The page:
What are the differences between a hazmat and a WMD incident? From a health and safety viewpoint, very little. Hazmats can be any matter (solid, liquid, gas, or energy) that, when released into the environment, can be harmful to people, property, or the environment. Weapons of mass destruction, as defined by Title 18 U.S. Code, describe the same materials and effects but in measurable quantities. The primary difference between these two lies in the events leading up to the release—whether it was an accidental release or done with criminal intent. In summary, although the events that lead each response discipline to a hazmat/WMD incident may vary, the actions that responders implement on arrival are typically the same.


As emergency responders and agency administrators, many of us have been tasked with developing or improving our agency’s hazmat/WMD response capabilities. The U.S. Occupational Safety and Health Administration (OSHA) provides guidance to public and private entities that are responsible for hazmat emergency and postemergency response operations, through 29 CFR 1910.120 – Hazardous Waste Operations and Emergency Response. In addition, the U.S. Environmental Protection Agency also provides comparable regulations through 40 CFR 311. It is important to recognize that although originally promulgated to improve hazmat safety, they are also applicable to incidents involving WMD threats and agents.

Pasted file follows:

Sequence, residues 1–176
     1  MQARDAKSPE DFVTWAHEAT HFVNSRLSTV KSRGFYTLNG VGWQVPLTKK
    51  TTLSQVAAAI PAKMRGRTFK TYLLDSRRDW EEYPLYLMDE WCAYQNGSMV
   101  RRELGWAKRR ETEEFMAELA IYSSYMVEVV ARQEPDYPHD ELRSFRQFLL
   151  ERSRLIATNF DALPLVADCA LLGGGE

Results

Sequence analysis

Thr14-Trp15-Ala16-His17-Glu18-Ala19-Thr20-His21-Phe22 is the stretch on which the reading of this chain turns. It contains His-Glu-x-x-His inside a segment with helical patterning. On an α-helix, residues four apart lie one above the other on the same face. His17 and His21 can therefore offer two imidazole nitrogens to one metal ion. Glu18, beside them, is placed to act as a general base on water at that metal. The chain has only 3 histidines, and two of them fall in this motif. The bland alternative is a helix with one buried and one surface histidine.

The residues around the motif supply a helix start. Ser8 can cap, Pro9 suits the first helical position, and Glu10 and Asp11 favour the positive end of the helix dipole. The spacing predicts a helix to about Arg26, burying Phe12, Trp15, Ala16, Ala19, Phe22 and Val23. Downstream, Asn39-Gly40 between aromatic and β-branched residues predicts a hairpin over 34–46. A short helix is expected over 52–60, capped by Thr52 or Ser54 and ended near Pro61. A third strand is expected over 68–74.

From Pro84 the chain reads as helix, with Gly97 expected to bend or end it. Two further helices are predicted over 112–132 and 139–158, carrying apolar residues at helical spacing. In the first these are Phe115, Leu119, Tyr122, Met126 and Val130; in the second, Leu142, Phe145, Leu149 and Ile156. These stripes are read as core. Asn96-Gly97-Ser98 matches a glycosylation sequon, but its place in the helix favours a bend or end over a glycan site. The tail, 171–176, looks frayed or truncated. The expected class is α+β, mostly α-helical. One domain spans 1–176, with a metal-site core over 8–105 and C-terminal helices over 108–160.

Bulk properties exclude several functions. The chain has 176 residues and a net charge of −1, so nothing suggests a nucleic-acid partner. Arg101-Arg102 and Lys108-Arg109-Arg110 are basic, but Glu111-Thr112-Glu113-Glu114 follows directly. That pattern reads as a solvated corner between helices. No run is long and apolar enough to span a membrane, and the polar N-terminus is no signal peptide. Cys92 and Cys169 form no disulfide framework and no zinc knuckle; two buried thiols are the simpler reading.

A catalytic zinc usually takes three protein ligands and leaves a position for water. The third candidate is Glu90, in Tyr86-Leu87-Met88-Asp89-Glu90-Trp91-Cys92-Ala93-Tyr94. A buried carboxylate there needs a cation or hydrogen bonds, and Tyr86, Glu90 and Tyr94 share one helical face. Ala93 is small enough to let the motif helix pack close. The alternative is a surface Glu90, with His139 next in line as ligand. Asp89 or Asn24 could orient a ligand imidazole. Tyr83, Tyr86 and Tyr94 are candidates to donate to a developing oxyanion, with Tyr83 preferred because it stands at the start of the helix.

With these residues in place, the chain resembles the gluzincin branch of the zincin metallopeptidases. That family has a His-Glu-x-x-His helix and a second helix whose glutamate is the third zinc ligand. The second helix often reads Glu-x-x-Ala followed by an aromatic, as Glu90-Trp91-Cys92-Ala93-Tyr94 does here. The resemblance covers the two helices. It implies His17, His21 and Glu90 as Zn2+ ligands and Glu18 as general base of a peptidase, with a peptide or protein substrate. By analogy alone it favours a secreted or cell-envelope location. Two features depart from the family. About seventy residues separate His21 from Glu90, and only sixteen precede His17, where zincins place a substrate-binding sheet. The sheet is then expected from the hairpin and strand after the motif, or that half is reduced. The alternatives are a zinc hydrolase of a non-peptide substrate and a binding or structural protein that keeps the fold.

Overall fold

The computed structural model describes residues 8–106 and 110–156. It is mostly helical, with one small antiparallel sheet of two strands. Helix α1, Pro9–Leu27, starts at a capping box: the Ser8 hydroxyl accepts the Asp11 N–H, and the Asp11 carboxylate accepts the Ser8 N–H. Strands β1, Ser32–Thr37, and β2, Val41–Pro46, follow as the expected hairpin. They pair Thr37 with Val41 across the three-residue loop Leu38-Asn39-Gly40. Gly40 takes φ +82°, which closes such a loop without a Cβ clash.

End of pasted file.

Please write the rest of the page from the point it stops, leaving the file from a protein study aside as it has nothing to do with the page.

Both the OSHA 1910.120 and EPA 40 CFR Part 311 regulations provide specific requirements for the skills and competencies required for personnel who will respond to or work at hazardous materials incidents. From a historical perspective, the OSHA 1910.120 requirements were originally derived from early drafts of NFPA 472 as the OSHA regulation was being developed in the late 1980s.

Regardless of response discipline, the personnel skills and competencies to respond to hazmat/WMD incidents must meet the requirements of OSHA 1910.120(q). Although OSHA 1910.120(q) tells you what you must do, NFPA 472 provides the authority having jurisdiction (AHJ) with specific guidance on the skills and competencies for personnel to perform their expected tasks as outlined by their organizational concept of operations.